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Spooked! Travel Business Economics and Things that Go Bump in the Night

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Spooked! Travel Business Economics and Things that Go Bump in the Night Travel distribution faces another period of recurring business woes, this time made worse by a global financial crisis of confidence. While worldwide economic problems are undeniable, look beyond the opinions of experts and soothsayers to make correct decisions about your own short and long-term plans.

Things as they Really Are Perhaps the most difficult challenge of life and business is to see the present and the likely future as they really are. That is a central reason for good consultants—an external and dispassionate view is exceedingly helpful in identifying problems and making decisions. Because the “Ain’t It Awful” folk are again making their views known, it’s essential to think and plan clearly. Here are several practical observations:

Short-Term Reactions Are Usually Wrong And Planning Is Essential

Much of the travel industry likes to recall prior trials as prologue to current circumstances -- among the most notorious being responses to the post-9/11 world. Conventional wisdom notwithstanding, most 9/11 travel business realignments were inappropriate. Changes in direction were too quick and sacrificed opportunities many large companies found were impossible to recreate. The immediate effects of 9/11 transitioned rather quickly, but the widespread “talent flight” imposed by industry-wide staff reductions was perhaps the most competitively damaging event of the past 30 years. Adapting to any business change demands keeping your head, avoiding short-term reactions, and carefully balancing what changes must happen today with operational and competitive needs that surely will come the next day.

Despite Contrary Propaganda, This Isn’t The 1930s

Today’s world events are serious, but they are not catastrophic and they affect businesses in different ways. Experts are divided as to the nature and severity of the economic challenges we face -- except to say that they aren’t the ones at fault. Most agree that the world’s economy, especially America’s, is vastly more robust than it was even a few years ago and Great Depression parallels are simply misinformed. There is fairly uniform agreement that recent government actions will bring the desired positive results. The timing of an economic improvement is unclear, but the turnaround itself is not in question, nor is the fact that, unlike the 1930s, decisive actions were not delayed.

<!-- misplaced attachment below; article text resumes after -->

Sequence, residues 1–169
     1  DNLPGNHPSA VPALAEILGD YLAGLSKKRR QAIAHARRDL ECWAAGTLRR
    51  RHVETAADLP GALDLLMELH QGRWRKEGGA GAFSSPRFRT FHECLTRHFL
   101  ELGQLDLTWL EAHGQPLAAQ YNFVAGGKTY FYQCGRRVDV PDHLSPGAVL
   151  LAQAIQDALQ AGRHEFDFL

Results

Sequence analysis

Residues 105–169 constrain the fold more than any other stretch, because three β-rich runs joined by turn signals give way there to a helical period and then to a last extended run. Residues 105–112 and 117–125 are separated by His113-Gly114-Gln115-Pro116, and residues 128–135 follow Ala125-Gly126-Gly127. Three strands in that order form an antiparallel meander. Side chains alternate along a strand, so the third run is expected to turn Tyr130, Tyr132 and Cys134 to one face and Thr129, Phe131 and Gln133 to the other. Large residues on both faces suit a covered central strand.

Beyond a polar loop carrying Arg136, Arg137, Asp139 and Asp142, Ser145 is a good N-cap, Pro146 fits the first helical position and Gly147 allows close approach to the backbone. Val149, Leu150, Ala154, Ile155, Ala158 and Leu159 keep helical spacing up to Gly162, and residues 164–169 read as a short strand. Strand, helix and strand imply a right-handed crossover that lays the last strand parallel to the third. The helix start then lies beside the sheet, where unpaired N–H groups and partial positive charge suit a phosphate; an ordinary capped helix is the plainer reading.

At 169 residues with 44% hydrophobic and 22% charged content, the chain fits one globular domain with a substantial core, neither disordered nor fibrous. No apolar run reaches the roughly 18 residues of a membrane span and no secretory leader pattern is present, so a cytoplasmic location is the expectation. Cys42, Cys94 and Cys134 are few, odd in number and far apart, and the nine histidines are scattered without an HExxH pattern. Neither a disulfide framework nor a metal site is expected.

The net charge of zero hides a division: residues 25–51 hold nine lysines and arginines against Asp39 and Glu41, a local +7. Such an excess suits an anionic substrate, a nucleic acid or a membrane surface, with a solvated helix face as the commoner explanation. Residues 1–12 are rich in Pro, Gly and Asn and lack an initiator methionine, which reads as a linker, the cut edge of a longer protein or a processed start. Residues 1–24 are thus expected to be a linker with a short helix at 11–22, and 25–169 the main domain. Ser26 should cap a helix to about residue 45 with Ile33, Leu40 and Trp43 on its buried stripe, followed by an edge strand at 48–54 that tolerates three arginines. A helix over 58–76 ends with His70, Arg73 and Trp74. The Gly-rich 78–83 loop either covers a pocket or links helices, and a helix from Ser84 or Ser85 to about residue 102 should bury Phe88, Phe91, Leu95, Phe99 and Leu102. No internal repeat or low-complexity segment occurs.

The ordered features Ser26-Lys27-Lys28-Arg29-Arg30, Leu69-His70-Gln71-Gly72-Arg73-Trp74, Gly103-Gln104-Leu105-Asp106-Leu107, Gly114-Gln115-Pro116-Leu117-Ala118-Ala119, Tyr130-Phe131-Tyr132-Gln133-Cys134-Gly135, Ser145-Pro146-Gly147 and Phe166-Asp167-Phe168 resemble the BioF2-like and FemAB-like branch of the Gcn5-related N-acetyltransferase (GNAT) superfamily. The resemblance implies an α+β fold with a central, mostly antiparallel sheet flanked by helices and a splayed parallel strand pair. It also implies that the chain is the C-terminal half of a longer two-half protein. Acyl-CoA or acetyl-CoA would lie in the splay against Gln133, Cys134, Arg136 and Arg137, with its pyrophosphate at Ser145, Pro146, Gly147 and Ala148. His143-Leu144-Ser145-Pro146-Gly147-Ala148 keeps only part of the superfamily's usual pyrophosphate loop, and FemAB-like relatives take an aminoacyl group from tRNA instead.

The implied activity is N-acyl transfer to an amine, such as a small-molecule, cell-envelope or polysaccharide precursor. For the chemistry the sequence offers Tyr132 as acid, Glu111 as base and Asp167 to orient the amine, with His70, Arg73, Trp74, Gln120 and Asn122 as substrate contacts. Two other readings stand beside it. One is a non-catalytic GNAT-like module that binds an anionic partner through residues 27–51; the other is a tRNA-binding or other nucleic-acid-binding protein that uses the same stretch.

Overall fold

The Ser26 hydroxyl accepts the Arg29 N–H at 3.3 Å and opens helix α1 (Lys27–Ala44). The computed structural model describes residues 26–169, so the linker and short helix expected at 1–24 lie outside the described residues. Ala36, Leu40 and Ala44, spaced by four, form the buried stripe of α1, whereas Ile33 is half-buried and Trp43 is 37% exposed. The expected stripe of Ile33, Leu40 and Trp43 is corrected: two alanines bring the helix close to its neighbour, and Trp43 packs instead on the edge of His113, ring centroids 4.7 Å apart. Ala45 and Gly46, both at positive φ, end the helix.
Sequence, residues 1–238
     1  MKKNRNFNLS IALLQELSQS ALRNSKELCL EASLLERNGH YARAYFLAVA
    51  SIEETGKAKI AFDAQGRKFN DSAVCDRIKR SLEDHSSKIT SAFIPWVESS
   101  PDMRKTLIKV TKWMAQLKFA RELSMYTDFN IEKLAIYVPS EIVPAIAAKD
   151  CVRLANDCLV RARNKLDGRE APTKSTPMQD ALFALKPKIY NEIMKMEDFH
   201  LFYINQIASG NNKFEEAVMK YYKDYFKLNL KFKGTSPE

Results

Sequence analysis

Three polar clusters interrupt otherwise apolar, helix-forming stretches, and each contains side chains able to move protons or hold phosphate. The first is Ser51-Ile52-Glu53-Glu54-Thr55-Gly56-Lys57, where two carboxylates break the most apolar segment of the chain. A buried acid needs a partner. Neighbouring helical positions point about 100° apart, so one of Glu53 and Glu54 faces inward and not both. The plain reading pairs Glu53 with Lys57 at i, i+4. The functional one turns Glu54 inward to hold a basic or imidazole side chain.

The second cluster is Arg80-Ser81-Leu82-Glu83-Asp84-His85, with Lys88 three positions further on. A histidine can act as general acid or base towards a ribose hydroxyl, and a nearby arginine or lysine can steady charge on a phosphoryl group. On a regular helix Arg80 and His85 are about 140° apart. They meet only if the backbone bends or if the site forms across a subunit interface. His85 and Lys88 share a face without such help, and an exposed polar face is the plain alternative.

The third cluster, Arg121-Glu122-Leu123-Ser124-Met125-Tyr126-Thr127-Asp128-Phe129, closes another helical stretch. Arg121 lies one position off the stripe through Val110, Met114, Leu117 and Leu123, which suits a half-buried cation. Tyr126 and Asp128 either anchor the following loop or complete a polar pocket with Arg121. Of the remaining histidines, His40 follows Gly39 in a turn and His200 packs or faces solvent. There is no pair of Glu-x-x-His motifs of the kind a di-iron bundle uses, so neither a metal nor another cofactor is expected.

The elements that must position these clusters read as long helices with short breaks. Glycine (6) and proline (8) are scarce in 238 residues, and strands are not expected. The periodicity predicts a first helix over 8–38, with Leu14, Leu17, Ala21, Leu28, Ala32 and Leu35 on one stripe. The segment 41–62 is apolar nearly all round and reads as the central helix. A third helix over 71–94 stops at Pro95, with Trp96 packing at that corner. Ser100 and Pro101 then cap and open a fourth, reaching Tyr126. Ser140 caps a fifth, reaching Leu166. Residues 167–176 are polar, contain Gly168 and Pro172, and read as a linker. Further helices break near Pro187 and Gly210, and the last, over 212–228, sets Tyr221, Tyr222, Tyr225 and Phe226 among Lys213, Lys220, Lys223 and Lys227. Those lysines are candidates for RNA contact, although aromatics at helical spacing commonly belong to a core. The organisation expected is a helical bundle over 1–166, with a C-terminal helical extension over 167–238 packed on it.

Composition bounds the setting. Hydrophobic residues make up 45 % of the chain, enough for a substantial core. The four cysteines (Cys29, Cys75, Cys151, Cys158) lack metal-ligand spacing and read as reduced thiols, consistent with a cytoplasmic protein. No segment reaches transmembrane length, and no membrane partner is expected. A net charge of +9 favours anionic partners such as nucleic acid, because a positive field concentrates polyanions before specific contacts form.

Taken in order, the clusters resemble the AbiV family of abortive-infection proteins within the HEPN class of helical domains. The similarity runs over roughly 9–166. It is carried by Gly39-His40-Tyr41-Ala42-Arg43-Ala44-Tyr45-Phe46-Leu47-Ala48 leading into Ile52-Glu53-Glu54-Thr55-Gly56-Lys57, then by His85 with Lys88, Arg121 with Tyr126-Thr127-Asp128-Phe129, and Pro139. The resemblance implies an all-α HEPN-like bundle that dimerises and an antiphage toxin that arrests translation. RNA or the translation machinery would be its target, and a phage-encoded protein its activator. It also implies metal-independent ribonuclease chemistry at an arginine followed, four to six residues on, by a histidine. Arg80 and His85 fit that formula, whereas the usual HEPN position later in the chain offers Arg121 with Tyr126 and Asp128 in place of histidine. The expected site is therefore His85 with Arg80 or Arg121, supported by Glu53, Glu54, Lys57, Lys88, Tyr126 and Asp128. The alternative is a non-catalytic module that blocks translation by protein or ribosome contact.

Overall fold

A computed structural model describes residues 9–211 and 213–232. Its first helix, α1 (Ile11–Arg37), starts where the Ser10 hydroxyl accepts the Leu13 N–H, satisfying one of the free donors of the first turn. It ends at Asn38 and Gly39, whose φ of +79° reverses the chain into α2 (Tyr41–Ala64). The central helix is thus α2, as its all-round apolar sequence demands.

Manage Your Expectations

Recent times have seen “bubbles” that were clearly unsustainable -- real estate being only the most recent, albeit the largest. Just as it’s impractical to believe that the Internet bubble of the late 1990s will ever return, speculative housing prices are not headed back up anytime soon.

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Spooked! Travel Business Economics and Things that Go Bump in the Night I recently attended a lecture by a prominent Washington, DC mortgage industry expert who bemoaned that housing buyers will now need verifiable incomes that are adequate to sustain their loans, accompanied by realistic down payments. Well, that is one definition of a depressed market, but the industry lived with such conditions for decades before deciding there was a better way. Be sure you know what standards the experts are applying.

Forget Airline Finances

The travel industry is disproportionately influenced by what airlines are saying and doing. Airlines have always been highly cyclical, suffering periods of boom and bust. Deregulation made this worse. There are numerous classic case-studies involving airlines: One demonstrates that a now merged major carrier generated no net profits whatever throughout its over 50 years of operation; another proves that, if everyone employed by a still operating major airline worked for nothing it still couldn’t turn a profit. Life will be much easier if we accept that all but a few airlines have no idea whatever how to successfully price their services, let alone operate their businesses. Travel distribution companies work with airlines, but operate on very different business principles.